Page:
Income inequality is killing the economy. Retailers, bankers and Democrats agree on that. Really. It's only Republicans who continue to insist that income inequality is great.
It's hard not to marvel at the multifaceted arc of Michael Graves' 50-year career -- and three events this fall will allow his followers to do exactly that.
It's that time of year again. The smell of new crayons and the musty, vanilla smell of old books fill the air, while parents are anxiously shopping for the newest, trendiest clothes to start the school year.
When I first heard JCPenney's new tagline "When it Fits, You Feel it," I was reminded of why I don't "fit" JCPenney. It is the same reason why I b...
From the Pope to billionaires, people are beginning to reject today's popular CEO compensation formula as unjust. There is no reason other than greed to explain how one human's contribution can be worth more than the contribution of 1,000.
American CEOs and boards of directors should take note. The income inequality they've fostered with outsized CEO pay packages and paltry wages for workers is creating an American royal class served by serfs.
Ackman's long-standing acrimony with JCP's board has not only distracted the company from concentrating on its business, but also damaged the market's confidence in JCP.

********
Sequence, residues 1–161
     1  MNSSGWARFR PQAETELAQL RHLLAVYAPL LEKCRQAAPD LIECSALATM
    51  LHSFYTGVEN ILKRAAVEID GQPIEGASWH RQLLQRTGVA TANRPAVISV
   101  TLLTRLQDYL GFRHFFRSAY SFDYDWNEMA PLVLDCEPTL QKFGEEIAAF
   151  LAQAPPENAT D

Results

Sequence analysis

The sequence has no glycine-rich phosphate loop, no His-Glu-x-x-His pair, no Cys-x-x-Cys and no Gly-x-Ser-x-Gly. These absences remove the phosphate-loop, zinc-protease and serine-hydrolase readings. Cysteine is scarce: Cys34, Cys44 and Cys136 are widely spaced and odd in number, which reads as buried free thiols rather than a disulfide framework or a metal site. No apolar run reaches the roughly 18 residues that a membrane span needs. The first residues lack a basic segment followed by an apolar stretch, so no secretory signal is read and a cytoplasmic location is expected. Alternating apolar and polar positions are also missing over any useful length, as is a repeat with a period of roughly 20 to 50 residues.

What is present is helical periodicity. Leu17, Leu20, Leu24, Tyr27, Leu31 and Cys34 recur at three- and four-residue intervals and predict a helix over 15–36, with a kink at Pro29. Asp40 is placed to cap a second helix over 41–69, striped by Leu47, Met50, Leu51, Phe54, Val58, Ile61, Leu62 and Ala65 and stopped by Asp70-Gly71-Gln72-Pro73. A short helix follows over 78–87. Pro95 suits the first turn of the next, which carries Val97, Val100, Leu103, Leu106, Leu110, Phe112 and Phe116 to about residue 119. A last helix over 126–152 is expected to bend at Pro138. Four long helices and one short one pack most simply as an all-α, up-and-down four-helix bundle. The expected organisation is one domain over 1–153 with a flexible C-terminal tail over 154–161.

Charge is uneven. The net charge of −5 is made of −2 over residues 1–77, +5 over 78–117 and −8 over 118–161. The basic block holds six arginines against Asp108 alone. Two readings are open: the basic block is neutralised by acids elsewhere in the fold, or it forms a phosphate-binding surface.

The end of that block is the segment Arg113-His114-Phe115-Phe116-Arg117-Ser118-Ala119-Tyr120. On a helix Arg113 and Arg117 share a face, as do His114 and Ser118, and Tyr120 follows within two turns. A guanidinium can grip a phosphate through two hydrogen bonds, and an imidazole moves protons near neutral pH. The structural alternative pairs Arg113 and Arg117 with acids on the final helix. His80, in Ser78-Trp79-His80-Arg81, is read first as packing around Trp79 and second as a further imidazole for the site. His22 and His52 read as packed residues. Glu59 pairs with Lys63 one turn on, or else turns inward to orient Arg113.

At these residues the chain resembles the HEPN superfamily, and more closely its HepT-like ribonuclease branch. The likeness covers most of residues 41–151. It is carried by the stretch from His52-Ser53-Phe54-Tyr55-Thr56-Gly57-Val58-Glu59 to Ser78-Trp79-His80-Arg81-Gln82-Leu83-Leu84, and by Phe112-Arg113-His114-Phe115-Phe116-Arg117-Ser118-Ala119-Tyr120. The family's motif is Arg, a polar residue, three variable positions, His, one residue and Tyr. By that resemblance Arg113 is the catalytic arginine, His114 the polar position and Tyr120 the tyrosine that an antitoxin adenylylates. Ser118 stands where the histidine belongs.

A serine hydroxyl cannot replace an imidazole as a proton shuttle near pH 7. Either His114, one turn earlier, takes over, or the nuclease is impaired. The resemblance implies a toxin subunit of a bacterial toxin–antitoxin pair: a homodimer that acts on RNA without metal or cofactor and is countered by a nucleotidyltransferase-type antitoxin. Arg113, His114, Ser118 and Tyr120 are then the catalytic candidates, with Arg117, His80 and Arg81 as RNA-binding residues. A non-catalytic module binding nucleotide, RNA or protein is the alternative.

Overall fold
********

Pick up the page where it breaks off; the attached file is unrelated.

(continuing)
In apparel, forced labor is found long before the fabric is sewn at a garment manufacturing factory. It starts as early as the cotton harvest.
The rebrand brought in stylish goods at low prices. So, why did so many complain? And why did J.C. Penney actually raise prices after apologizing for the changes?
JC Penney has more than 100 years of retail success. It would be a shame if 17 months of regression wipes out the strides the company has made to be an inclusive, dynamic and trend-setting industry leader.
When retailers lose their mojo, it's hard to recover. Reinventing a retail model is a parlous prospect. Witness what happened at JC Penney (JCP) when Ron Johnson tried to "transform" the tired peddler of schmattes and socks.
How does a leader initially hailed as the second-coming of Steve Jobs, ready to reinvent a 111-year-old staid retailer, crash and burn in such dramatic fashion? If JC Penney's board members had studied Amazon more closely, they might have discovered the answer.
Johnson's' failure at JC Penney should remind people that just because you've been successful in one area, it does not always guarantee success somewhere else.
The sad truth is that JC Penney CEO Ron Johnson's controversial turn-around plan may have been doomed as much by his weakness as a communicator as it was by poor operational execution.
The JC Penney board is out of touch with the company and its customer base. They don't understand the basic nature of the problem the company confronts. Will the board use this most recent crisis to reevaluate its understanding of the situation, or give itself a pass, concluding that the last hire "just didn't work out"?